For pliers on the plier rack, the distance center to center of the holes needed to be 1-1/2″. I placed the center of the hole closest to the back 1-3/16″ from the back and 1-1/4″ down from the top. The center of the hole closest to the front was 1″ in from the front edge and 2-3/4″ down from the top before I cut the curved top design.
Transfer your pattern to the two wood sides, making sure you make a right and a left side.
Step 3: Use an awl to make starter holes at the marks for the holes where the dowels will be inserted. The tip of your drill bit will sit in the hole when you start, keeping it from skipping across the wood.
Step 4: Use the depth of the bottom piece to gauge the length of the side frame piece.
Step 5: Cut a side frame piece for each end of the bottom. I have a chop saw, which makes square cuts easy, but any saw will do.
Step 6: It will be easier to attach the side frame pieces to the bottom if you start the nails before trying to attach it. Hint: Drill pilot holes smaller than your finish nails so you will not split the wood.
Step 7: Apply a thin line of glue down the center of one short side of the bottom piece. Center a side piece over the glue on the bottom piece, making sure that the lower edge of the side piece is even with the bottom edge of the bottom piece and that the ends of the side frame piece are even with the front and back of the bottom piece.
Step 8: Attach the side frame pieces. Use a nail set to countersink the nail heads.
Step 9: I am a woodworker so I own many types and sizes of clamps. Since I have them, I clamped the ends to the bottom until the glue set, about 3 to 4 hours. This is optional, but it is helpful to clamp any time you glue two pieces together because it helps make the join and the finished piece stronger.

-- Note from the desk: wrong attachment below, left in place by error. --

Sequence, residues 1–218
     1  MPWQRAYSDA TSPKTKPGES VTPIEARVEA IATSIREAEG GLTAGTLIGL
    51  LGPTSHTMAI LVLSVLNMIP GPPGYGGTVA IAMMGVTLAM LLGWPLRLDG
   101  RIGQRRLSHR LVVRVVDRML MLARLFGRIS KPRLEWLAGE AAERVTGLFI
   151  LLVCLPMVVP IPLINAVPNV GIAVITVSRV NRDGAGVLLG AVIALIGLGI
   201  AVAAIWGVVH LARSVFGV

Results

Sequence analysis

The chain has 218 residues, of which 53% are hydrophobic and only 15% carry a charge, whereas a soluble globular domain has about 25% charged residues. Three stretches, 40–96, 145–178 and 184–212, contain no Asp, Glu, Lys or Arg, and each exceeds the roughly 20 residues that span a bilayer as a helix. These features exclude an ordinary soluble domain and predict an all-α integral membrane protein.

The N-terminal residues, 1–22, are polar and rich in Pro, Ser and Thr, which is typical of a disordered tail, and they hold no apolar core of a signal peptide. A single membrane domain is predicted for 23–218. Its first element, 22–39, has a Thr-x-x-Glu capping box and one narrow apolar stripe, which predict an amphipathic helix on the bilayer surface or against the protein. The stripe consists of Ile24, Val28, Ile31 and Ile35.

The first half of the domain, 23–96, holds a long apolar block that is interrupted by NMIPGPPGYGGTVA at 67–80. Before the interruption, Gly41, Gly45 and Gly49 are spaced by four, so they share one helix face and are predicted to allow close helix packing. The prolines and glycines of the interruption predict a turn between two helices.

Step 10: Optional: Cut the curved top on of end of each tall side piece. Hint: Since the piece is short, clamp it to the end of your work surface to make cutting easier.
Step 11: It will be easier to now sand the cut edge lightly before continuing.
Step 12: Using a drill bit that corresponds to the size of dowel you are using, drill holes 2/3 to ¾ of the way through the side pieces at the starter holes you made with the awl. Make all the holes the same depth. If you do not have a drill press, use a small dowel that you have marked to the depth you want. Insert it in the drilled hole to see how much more you need to drill.
Step 13: Glue nail and clamp the tall sides to the bottom and the side frame ends.
Step 14: Determine the length you need to cut your dowels. Cut 4 lengths of ½” dowel.
Step 15: It is not necessary if you measured a tight fit for your dowels, but you can place a small amount of glue in each dowel hole. Insert a dowel into a hole on one side and slide down into the hole on the opposite side. Repeat with the other 3 dowels.
Step 16: As you did for the sides in Steps 4 and 5, use the width of the bottom piece to gauge the length of the front and back frame pieces. Cut front and back frame piece to fit.
Step 17: Following Steps 6 through 9, glue, nail and clamp the front and back frame pieces in place, creating the base tray.
Step 18: Sand the entire piece to a smooth finish.
Step 19: Use your desired method to finish your tool rack.
This fantastic tool rack would look great on anyone’s workbench. I hope you enjoy creating it!